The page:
• if the court cannot determine the total value of those benefits—10% of the corporation's annual turnover during the 12-month period ending at the end of the month in which the corporation committed, or began committing, the offence.

Interestingly, the ACCC did not plead facts that allowed the Court to have regard to the second and third limbs in this instance. However, the significant penalty was partly attributable to the fact that there were five separate attempts that occurred within the six-year limitation period (giving rise to a potential maximum fine of AUD 50 million at AUD 10 million per contravention). The Court also pointed to Flight Centre's significant revenue and market share and what Justice Logan considered "flagrant" and "serious" conduct. The value of general and specific deterrence were also identified as of particular importance.

Justice Logan acknowledged that "Though the [CCA] specifies the same maximum penalty for an attempt to induce and for an inducement which has succeeded, there is a qualitative difference between the two. Nonetheless, so far as general deterrence is concerned, one purpose of the imposition of a penalty must be to discourage attempts and, instead, to encourage a culture of compliance with the contemporary standards of commercial behaviour which Parliament has prescribed in the TPA."

Flight Centre is expected to appeal both on the finding of legal contraventions and the quantum of penalty. Irrespective of the appeal, the Flight Centre decision indicates that the penalties that will be imposed in future by Australian courts for anti-competitive conduct are likely to be high.

The content of this article is intended to provide a general guide to the subject matter. Specialist advice should be sought about your specific circumstances.

To print this article, all you need is to be registered on

Click to Login as an existing user or Register so you can print this article.

Martyn Taylor
Some comments from our readers…
“The articles are extremely timely and highly applicable”
“I often find critical information not available elsewhere”
“As in-house counsel, Mondaq’s service is of great value”

Up-coming Events Search
Font Size:
Mondaq on Twitter
Register for Access and our Free Biweekly Alert for
This service is completely free. Access 250,000 archived articles from 100+ countries and get a personalised email twice a week covering developments (and yes, our lawyers like to think you’ve read our Disclaimer).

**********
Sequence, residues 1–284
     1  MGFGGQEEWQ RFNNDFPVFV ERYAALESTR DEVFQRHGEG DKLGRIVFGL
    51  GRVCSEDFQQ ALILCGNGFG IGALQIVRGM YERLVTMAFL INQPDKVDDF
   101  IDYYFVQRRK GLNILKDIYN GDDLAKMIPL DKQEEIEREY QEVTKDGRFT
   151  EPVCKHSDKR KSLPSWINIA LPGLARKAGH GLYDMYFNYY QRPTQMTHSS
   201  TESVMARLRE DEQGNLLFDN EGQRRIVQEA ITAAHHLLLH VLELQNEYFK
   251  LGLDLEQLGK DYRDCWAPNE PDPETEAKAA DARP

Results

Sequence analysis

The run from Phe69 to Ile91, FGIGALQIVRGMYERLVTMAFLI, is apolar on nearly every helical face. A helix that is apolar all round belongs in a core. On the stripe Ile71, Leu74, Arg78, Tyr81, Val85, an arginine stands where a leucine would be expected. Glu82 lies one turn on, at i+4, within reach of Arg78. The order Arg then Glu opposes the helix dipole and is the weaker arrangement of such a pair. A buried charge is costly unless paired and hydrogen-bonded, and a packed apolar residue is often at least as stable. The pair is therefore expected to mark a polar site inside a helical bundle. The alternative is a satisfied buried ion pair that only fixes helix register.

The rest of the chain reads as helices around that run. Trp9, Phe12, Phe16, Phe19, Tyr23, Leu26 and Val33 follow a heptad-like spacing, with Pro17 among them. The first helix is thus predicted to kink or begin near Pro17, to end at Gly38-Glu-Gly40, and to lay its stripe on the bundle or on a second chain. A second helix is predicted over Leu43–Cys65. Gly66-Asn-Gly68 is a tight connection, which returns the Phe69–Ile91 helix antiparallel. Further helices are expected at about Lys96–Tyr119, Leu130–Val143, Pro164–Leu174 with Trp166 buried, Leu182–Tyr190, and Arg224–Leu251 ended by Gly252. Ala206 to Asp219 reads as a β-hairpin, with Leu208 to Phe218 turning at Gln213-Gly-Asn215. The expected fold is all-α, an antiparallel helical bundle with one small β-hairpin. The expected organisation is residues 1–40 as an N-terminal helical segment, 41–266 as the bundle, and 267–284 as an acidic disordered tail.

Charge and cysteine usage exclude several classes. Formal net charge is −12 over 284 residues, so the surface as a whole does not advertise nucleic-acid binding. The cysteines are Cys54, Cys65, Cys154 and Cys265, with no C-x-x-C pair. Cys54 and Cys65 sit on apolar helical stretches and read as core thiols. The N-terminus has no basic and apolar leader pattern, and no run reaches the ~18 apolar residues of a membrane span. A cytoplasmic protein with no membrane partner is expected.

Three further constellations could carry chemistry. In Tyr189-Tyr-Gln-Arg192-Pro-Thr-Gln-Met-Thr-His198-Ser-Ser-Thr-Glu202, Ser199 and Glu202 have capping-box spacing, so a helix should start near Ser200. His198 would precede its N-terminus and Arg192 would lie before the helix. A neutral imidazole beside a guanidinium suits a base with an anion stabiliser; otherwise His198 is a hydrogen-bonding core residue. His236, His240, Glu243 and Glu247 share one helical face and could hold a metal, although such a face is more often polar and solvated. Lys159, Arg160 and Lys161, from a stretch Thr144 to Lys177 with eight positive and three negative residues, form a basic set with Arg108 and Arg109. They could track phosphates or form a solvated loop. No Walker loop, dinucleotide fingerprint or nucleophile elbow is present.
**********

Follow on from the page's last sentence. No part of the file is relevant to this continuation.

Email Address
Company Name
Confirm Password
Mondaq Topics -- Select your Interests
 Law Performance
 Law Practice
 Media & IT
 Real Estate
 Wealth Mgt
Asia Pacific
European Union
Latin America
Middle East
United States
Worldwide Updates
Mondaq Ltd requires you to register and provide information that personally identifies you, including what sort of information you are interested in, for three primary purposes:
  • To allow you to personalize the Mondaq websites you are visiting.
  • To enable features such as password reminder, newsletter alerts, email a colleague, and linking from Mondaq (and its affiliate sites) to your website.
  • To produce demographic feedback for our information providers who provide information free for your use.
  • Mondaq (and its affiliate sites) do not sell or provide your details to third parties other than information providers. The reason we provide our information providers with this information is so that they can measure the response their articles are receiving and provide you with information about their products and services.
    If you do not want us to provide your name and email address you may opt out by clicking here
    If you do not wish to receive any future announcements of products and services offered by Mondaq you may opt out by clicking here

    Terms & Conditions and Privacy Statement (the Website) is owned and managed by Mondaq Ltd and as a user you are granted a non-exclusive, revocable license to access the Website under its terms and conditions of use. Your use of the Website constitutes your agreement to the following terms and conditions of use. Mondaq Ltd may terminate your use of the Website if you are in breach of these terms and conditions or if Mondaq Ltd decides to terminate your license of use for whatever reason.

    Use of

    You may use the Website but are required to register as a user if you wish to read the full text of the content and articles available (the Content). You may not modify, publish, transmit, transfer or sell, reproduce, create derivative works from, distribute, perform, link, display, or in any way exploit any of the Content, in whole or in part, except as expressly permitted in these terms & conditions or with the prior written consent of Mondaq Ltd. You may not use electronic or other means to extract details or information about’s content, users or contributors in order to offer them any services or products which compete directly or indirectly with Mondaq Ltd’s services and products.